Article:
5.. Croisier JL,Foidart-Dessalle M,Tinant F,et al. An isokinetic eccentric programme for the management of chronic lateral epicondylar tendinopathy. Br J Sports Med. Year: 2007;41:269-27517224433
6.. Fahlstrom M,Jonsson P,Lorentzon R,et al. Chronic Achilles tendon pain treated with eccentric calf-muscle training. Knee Surg Sports Traumatol Arthrosc. Year: 2003;11:327-33312942235
7.. Frohm A,Saartok T,Halvorsen K,et al. Eccentric treatment for patellar tendinopathy: a prospective randomized short-term pilot study of two rehabilitation protocols. Br J Sports Med. Year: 2007;41:e717289855
8.. Fukuda H,Hamada K,Yamanaka K. Pathology and pathogenesis of bursal side rotator cuff tears viewed from en bloc histologic sections. Clin Orthop. Year: 1990;254:75-802323150
9.. Jonsson P,Alfredson H. Superior results with eccentric compared to concentric quadriceps training in patients with jumper’s knee: a prospective randomized study. Br J Sports Med. Year: 2005;39:847-85016244196
10.. Khan KM,Cook JL,Bonar F,et al. Histopathology of common tendinopathies: update and implications for clinical management. Sports Med. Year: 1999;27:393-40810418074
11.. Kraushaar BS,Nirshl RP. Tendinosis of the elbow (tennis elbow): clinical features and findings of histological, immunohistochemical, and electron microscopy studies. J Bone Joint Surg Am. Year: 1999;81:259-27810073590
12.. Mafi N,Lorentzon R,Alfredson H. Superior short-term results with eccentric calf muscle training compared to concentric training in a randomized prospective multicenter study on patients with chronic Achilles tendinosis. Knee Surg Sports Traumatol Arthrosc. Year: 2001;9:42-4711269583
13.. Martinez-Silvestrini JA,Newcomer KL,Gay RE,et al. Chronic lateral epicondylitis: comparative effectiveness of a home exercise program including stretching alone versus stretching supplemented with eccentric or concentric strengthening. J Hand Ther. Year: 2005;18:411-42016271688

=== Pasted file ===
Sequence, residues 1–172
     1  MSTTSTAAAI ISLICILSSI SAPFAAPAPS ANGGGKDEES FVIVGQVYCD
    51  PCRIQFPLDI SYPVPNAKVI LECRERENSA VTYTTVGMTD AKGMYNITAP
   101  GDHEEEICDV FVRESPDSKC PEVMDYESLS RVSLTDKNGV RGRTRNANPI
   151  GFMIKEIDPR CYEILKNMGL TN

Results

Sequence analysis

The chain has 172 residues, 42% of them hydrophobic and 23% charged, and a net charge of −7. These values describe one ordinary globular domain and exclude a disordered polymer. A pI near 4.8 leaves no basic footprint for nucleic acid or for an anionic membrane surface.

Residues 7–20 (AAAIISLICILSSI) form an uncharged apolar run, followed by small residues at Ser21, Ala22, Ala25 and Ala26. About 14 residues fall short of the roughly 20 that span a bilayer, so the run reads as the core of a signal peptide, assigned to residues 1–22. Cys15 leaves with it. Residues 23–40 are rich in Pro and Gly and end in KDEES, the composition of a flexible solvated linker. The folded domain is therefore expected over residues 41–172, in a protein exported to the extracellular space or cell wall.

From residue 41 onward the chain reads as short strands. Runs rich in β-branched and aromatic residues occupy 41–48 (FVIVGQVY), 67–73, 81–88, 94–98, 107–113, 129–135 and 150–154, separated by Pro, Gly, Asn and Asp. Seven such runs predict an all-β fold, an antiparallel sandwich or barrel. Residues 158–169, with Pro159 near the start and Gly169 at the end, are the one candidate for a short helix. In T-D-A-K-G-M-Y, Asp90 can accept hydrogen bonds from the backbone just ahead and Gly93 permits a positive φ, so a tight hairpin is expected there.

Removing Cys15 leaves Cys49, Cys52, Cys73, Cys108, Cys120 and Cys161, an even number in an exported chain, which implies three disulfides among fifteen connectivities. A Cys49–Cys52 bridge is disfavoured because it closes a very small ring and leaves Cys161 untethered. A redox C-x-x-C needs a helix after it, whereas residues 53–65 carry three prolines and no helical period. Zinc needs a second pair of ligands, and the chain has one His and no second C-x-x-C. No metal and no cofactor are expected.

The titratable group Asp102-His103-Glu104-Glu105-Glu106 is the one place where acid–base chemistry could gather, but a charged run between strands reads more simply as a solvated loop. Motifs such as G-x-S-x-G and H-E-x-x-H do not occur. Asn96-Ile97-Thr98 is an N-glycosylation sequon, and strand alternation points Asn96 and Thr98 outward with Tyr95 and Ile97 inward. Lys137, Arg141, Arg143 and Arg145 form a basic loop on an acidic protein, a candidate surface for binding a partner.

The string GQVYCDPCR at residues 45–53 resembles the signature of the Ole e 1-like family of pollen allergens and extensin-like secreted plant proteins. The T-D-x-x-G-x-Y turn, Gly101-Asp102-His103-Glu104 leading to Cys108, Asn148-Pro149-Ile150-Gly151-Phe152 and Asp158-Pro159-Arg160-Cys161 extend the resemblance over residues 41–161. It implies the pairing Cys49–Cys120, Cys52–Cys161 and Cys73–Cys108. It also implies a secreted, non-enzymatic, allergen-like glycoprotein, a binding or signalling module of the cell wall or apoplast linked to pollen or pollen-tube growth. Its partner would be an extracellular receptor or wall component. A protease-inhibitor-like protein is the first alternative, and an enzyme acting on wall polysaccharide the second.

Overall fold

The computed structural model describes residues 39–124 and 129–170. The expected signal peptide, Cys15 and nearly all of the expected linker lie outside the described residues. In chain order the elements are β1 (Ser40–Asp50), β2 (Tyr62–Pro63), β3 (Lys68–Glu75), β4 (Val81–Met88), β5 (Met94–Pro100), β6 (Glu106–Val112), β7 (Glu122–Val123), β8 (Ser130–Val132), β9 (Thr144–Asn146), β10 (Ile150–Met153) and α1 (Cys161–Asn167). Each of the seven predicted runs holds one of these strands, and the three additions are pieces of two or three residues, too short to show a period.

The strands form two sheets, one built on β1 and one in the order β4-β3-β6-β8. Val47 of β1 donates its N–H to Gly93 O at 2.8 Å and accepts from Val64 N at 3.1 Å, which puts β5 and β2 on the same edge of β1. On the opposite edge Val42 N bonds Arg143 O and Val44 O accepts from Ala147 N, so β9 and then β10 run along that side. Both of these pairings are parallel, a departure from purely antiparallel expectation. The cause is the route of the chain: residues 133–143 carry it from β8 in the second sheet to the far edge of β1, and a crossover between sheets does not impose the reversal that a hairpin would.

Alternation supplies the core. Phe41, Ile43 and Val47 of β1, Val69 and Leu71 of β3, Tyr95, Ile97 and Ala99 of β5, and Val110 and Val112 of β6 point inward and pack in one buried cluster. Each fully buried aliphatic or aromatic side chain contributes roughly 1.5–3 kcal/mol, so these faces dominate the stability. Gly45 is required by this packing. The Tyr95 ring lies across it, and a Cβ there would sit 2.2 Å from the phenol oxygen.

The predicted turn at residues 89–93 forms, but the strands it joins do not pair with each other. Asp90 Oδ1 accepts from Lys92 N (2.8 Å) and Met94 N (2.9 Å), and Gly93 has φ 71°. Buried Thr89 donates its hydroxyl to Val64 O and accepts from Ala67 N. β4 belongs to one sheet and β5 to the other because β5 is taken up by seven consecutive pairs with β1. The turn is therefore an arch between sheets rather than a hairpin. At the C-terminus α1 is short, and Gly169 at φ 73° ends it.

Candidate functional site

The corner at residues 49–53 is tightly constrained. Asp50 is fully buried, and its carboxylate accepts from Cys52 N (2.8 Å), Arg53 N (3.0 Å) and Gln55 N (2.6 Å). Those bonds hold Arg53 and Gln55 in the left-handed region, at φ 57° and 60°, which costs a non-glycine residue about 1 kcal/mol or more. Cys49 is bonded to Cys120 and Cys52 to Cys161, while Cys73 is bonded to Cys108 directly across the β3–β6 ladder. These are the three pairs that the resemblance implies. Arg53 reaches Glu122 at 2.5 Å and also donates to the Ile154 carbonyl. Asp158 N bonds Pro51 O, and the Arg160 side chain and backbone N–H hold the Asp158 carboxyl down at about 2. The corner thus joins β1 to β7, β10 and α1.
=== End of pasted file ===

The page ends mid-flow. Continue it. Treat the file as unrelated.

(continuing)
14.. Nirschl RP,Pettrone FA. Tennis elbow: the surgical treatment of lateral epicondylitis. J Bone Joint Surg Am. Year: 1979;61:832-839479229
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17.. Svernlov B,Adolfsson L. Non-operative treatment regime including eccentric training for lateral humeral epicondylalgia. Scand J Med Sci Sports. Year: 2001;11:328-33411782264
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[Figure ID: fig1-1941738111409690]
Figure 1. 

Eccentric strengthening exercise: A, the starting position for the eccentric strengthening exercise. The participant’s involved right wrist actively extends against the contralateral left hand, which attempts to push the right wrist into a flexed position. B, the finishing position of the eccentric exercise with the involved right wrist pushed into the fully flexed position.

[Figure ID: fig2-1941738111409690]
Figure 2. 

Wrist extensor stretching exercise. The uninvolved left hand assists passive stretching of the involved right wrist extensor muscles.

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Keywords: tendinopathy, tennis elbow, eccentric exercise, overuse injury.